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Canadian Home Buyers Prefer Fixed Mortgage Rates Over Variable: CIBC

April 14, 2015
3 mins
A woman talks with a young couple about their options

As Canadians stir from their winter slumber and the housing market heats up, spring home buyers are weighing their mortgage financing options.

More than half (57%) of Canadians say they’d choose a fixed rate if they were to acquire or renew their mortgage today, according to a poll by CIBC. It’s a boost on fixed-rate accolades from 48% in 2014 and 39% in 2011.

Bargain Mortgage Season

It's no wonder consumers see the value in locking in: fixed-rate mortgage products have been heavily discounted so far this spring. TD and BMO kicked things off among the larger lenders by slashing their 5-year fixed options to 2.79% in mid-March (TD has since dropped to 2.74), the lowest posted rate among federally regulated lenders. And of course, smaller lenders have been ultra-competitive; many are offering options in the 2.45 - 2.50 range today.

“Homeowners have a rare chance to lock in at historically low rates,” says Barry Gollom, vice president of CIBC, in a release showcasing the survey results. “They want the comfort and security of knowing exactly what their mortgage payments will be for the next four or five years."

While the majority of Canadians sway towards fixed-rate, the survey found 30% would stomach variable rate mortgages while 11% were undecided between fixed and variable.

Making the Choice

Choosing between a fixed rate and variable rate is one of the first major decisions a home buyer must make, and it should depend on your personal tolerance for risk.

“While rates tend to factor heavily into your decision whether to go fixed or variable, it's extremely important to make the decision based on your own financial situation and how well you're able to juggle making your monthly payment, paying household expenses and saving for your retirement or your children's education,” says Gollom.

While on a historical scale, variable-rate mortgages will be less expensive in the long run -  currently the lowest variable rate available is 2% – the constant threat of a shifting financial burden doesn't sit well with all buyers. If there’s a boost in the prime rate, your interest payable will follow suit.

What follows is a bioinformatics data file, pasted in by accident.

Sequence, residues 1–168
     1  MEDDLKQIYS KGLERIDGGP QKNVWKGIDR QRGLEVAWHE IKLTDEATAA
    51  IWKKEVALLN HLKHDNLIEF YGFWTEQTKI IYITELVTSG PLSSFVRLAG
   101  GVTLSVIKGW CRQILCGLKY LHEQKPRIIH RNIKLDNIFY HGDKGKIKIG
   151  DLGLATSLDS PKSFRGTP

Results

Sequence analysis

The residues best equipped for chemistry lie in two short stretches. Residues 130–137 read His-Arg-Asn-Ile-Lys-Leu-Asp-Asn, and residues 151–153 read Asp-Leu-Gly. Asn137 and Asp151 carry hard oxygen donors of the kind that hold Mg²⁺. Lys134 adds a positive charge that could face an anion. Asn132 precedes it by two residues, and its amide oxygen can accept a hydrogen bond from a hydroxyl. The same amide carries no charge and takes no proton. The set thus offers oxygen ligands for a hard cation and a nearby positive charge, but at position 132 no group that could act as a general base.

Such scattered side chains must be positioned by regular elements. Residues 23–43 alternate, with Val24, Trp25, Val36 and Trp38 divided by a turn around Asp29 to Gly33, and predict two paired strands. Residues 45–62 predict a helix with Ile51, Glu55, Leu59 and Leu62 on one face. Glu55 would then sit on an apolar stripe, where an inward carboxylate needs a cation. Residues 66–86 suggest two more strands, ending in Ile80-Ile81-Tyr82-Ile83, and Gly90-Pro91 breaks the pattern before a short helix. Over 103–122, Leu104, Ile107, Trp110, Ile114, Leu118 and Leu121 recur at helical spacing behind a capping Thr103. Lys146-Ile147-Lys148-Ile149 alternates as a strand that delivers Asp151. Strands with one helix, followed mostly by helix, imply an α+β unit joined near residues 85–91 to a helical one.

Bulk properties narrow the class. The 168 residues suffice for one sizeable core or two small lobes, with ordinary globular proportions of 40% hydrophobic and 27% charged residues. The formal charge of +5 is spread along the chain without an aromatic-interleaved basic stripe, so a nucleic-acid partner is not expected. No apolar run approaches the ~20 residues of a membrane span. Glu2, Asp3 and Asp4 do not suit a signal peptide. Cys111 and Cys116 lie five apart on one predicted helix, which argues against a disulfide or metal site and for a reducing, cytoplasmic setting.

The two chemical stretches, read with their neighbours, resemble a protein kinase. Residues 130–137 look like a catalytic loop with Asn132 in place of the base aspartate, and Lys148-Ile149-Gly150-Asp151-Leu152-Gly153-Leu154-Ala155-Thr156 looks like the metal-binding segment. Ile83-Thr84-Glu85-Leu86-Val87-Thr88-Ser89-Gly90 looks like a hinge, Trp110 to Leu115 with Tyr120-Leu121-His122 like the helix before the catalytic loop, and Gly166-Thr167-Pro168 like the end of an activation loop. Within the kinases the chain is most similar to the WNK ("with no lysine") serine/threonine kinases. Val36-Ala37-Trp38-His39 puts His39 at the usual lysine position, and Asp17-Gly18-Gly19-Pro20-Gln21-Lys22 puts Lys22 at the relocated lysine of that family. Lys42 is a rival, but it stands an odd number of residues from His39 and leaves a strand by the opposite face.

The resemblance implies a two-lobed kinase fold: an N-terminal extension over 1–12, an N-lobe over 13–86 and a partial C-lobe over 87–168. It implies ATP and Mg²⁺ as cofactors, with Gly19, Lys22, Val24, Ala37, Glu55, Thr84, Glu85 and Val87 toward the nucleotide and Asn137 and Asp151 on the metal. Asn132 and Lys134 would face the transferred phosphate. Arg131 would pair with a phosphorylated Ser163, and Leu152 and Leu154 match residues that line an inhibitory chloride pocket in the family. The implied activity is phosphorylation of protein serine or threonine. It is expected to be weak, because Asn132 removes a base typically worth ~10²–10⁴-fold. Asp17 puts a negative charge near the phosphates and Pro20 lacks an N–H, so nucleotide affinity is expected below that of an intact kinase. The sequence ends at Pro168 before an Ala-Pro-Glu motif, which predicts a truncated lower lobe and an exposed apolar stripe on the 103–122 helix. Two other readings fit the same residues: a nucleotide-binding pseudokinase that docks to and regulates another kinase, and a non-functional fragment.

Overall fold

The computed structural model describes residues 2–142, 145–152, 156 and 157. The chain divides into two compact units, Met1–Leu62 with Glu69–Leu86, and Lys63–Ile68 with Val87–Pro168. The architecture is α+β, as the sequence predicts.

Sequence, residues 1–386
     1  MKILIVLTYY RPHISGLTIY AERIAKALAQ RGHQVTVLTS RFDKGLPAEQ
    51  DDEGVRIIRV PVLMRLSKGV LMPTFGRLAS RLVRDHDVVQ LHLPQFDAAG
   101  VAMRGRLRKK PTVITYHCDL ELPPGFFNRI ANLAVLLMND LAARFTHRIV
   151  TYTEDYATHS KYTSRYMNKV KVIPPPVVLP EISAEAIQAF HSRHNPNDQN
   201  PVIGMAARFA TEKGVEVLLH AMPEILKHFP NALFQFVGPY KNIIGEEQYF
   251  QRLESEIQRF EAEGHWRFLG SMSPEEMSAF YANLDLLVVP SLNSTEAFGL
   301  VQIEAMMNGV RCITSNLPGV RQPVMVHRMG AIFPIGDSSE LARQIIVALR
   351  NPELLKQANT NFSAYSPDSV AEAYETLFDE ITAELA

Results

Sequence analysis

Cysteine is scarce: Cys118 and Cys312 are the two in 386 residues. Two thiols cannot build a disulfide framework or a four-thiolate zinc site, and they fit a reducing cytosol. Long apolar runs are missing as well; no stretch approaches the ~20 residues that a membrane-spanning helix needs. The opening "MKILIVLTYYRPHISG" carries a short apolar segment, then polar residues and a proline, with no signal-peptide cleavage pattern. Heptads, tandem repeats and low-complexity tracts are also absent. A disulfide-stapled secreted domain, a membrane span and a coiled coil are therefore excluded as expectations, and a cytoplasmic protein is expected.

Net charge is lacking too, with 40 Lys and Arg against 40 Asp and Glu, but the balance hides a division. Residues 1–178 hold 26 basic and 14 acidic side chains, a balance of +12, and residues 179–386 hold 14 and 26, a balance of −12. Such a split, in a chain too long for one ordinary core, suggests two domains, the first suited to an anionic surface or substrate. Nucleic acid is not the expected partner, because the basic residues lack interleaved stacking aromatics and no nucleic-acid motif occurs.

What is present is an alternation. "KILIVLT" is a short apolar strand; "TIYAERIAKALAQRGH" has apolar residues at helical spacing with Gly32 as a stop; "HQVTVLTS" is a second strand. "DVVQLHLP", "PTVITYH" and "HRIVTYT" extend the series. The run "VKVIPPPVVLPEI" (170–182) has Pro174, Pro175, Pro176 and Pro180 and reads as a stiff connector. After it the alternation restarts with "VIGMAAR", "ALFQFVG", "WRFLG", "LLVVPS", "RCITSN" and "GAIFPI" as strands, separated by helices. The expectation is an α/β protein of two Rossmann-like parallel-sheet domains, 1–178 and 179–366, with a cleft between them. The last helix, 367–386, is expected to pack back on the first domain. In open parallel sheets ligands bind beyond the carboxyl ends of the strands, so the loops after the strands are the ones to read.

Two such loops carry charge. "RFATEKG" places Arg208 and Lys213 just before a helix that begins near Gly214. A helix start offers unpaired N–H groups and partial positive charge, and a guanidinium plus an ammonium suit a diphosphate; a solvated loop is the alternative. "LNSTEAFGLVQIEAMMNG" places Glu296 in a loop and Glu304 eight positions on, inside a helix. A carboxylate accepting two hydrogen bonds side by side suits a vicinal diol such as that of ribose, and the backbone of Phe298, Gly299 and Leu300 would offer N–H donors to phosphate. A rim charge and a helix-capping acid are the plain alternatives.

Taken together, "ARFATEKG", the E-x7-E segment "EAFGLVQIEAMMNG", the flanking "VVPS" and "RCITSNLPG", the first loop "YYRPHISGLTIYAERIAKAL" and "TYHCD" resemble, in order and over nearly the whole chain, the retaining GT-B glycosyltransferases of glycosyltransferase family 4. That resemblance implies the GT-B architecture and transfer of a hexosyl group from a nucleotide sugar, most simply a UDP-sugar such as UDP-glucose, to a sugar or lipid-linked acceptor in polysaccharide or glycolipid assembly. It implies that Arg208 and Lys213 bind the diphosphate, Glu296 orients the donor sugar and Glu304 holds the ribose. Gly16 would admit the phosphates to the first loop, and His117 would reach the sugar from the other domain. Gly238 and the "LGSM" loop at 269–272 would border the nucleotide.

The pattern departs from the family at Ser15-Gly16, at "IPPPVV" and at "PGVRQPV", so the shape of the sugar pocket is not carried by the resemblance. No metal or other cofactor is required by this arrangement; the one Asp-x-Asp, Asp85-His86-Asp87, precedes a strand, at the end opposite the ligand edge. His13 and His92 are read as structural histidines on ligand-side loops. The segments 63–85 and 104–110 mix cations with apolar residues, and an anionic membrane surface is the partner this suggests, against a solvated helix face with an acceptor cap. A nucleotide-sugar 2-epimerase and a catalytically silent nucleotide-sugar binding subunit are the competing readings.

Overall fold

Consumers Anticipate Future Rate Hikes

Of those surveyed, 44% say they anticipate higher mortgage rates next year, while 42% expect rates to linger around the current rate for the next 12 months. A hopeful 9% expect rates to slip a bit lower within the next 12 months.

And, while the Bank of Canada rate appears to be set on a downward trend (the central bank cut the rate by 0.25% in January), experts don't think it's in a hurry to slash borrowing costs further. In a recent note, Capital Economics Canada economist David Madani echoed their sentiments saying, “The odds of another rate cut coming in April are lower than we previously thought, though we still wouldn’t rule it out completely.”

Build in Affordability, Regardless of Rate

Whether buyers settle on a fixed or variable mortgage rate, it's imperative they account for their borrowing costs to rise at least 2% during the course of their mortgage. It’s insurance of sorts, says Gollom. Plus, knowing what you pay makes it easier to find wiggle-room in your budget.

“Many people may also be able to use this as an opportunity to make extra payments over that time so that they can pay off their mortgage sooner,” he adds.

Ultimately, those struggling with the choice between fixed-rate and variable mortgages should speak with their financial advisor. "There are multiple factors that you should consider with your financial advisor,” he adds. “You want to be able to sleep at night and not worry that you won't be able to make your monthly payments.”  

Andrew Seale

Andrew Seale is a freelance writer with an absurdly hyperactive mind and predilection towards the obscure and eclectic. He frequently shares his personal finance experiences and mishaps with TheDot readers but has also been known to profile business leaders ranging from financial savants to bootstrapped entrepreneurs. His work has appeared in the Globe and Mail, Yahoo Canada Finance and News, Profit Magazine, The Toronto Star, Enroute Magazine, and on the back of napkins sometimes tucked into the pockets of strangers. He can be found at whenwedrift.contently.com.

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